Trains, a Family Connection
September 04, 2013
Trains not only played an important part in United States history, they also played an important part in keeping my family connected. My Great-Aunt Margaret Wiley attended nursing school in Independence, Missouri, graduating in 1919. The only problem, she was born and raised in St. Louis. The train brought her to Independence on her initial voyage, but trains also brought visiting family. Margaret traveled back to St. Louis to visit frequently and soon, life on the “Western Frontier” lured both of Margaret’s younger sisters to Independence.
One of them (my grandmother) met, married, and settled with her husband in Independence. The youngest sister graduated from a course in medical transcription services and also made Independence her home. They kept the rails busy, traveling back and forth to visit parents, brothers, and extended families in St. Louis. Eventually, the girls’ parents also settled in Independence, but that did not stop the train travel. My mother and her sisters visited cousins in St. Louis, and the St. Louis cousins came out west to visit every summer, and all traveled by train.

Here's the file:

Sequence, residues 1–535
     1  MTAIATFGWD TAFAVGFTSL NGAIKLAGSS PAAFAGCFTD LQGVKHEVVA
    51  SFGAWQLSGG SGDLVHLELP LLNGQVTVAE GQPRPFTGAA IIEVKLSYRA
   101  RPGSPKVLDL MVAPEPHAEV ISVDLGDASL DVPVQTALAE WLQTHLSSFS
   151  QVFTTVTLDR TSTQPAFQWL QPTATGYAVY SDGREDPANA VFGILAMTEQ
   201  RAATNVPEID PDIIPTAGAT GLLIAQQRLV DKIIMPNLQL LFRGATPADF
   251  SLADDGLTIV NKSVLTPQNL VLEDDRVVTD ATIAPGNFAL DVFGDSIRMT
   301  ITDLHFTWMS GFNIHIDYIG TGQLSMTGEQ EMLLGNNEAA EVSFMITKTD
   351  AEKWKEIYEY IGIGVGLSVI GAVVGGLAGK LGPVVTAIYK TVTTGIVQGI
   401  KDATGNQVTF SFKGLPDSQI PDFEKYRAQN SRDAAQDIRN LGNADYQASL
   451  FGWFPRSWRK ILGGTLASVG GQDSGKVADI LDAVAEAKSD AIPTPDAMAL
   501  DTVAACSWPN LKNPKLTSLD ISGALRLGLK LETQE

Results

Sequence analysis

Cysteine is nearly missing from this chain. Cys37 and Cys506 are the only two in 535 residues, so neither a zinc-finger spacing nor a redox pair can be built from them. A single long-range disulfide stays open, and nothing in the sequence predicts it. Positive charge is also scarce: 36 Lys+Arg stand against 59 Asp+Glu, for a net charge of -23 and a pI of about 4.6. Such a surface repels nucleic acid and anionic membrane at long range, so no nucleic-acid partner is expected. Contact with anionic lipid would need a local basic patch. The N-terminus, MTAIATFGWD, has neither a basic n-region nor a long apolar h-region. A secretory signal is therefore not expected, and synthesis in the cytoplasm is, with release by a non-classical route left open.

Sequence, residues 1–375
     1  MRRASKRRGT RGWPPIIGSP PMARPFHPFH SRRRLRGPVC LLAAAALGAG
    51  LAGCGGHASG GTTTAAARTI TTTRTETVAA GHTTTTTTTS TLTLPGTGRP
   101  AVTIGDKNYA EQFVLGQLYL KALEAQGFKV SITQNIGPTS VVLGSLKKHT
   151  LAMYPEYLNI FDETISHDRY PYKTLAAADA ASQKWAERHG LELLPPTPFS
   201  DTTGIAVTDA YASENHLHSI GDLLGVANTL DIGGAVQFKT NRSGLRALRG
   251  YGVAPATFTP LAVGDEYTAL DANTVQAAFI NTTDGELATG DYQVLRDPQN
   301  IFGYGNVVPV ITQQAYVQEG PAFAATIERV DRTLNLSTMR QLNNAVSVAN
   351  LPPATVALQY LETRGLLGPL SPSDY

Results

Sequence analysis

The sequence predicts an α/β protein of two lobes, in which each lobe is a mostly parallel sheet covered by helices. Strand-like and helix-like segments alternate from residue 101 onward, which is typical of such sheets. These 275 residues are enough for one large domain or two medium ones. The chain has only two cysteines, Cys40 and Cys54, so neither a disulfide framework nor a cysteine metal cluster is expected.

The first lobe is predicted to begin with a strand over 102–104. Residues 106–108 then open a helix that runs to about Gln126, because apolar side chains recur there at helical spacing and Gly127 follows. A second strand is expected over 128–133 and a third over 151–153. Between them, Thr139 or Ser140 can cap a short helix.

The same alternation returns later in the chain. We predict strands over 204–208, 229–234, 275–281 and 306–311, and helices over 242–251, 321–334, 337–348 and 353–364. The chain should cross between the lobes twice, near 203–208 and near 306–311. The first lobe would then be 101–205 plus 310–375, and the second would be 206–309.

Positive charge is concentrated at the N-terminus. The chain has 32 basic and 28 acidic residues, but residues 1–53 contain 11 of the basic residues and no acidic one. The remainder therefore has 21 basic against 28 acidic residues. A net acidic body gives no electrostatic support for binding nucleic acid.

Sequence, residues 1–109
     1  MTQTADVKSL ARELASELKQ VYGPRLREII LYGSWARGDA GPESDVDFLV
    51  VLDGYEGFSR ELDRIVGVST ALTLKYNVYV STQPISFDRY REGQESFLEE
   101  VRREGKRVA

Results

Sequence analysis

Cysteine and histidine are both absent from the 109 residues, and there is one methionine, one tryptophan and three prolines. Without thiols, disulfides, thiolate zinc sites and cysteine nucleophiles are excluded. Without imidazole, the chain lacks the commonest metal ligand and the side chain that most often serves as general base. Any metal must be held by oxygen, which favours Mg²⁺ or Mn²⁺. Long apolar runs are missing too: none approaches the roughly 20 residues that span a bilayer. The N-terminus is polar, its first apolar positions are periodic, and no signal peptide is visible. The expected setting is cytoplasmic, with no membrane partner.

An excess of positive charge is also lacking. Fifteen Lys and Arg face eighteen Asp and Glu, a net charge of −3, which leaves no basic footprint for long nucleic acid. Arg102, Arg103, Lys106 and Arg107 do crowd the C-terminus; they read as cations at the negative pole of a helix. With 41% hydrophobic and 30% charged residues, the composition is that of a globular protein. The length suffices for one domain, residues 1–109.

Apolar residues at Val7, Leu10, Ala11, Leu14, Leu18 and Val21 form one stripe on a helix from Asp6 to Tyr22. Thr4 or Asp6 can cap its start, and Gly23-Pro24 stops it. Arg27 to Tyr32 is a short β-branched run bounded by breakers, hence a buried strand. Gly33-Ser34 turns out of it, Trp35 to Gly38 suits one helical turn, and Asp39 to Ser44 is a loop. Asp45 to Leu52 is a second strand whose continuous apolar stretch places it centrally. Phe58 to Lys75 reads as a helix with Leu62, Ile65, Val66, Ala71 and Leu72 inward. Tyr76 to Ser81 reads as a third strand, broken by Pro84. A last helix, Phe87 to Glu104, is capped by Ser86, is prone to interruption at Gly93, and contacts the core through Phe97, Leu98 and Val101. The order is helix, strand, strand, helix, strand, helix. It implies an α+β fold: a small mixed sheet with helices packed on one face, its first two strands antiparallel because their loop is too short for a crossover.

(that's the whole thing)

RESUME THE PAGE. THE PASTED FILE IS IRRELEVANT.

To continue the tradition, my grandmother took me on my first train ride to visit family back east when I was a teenager. I will always remember my first train trip. The new experience was not the only thing I cherished about that trip. The importance of carrying on family tradition was not lost on me, even at that early age. I loved hearing the stories of my grandmother’s life in St. Louis. Traveling there and using the same conveyance she and her sisters used so many times only makes the memory that much sweeter to me.
Midwest Genealogy Center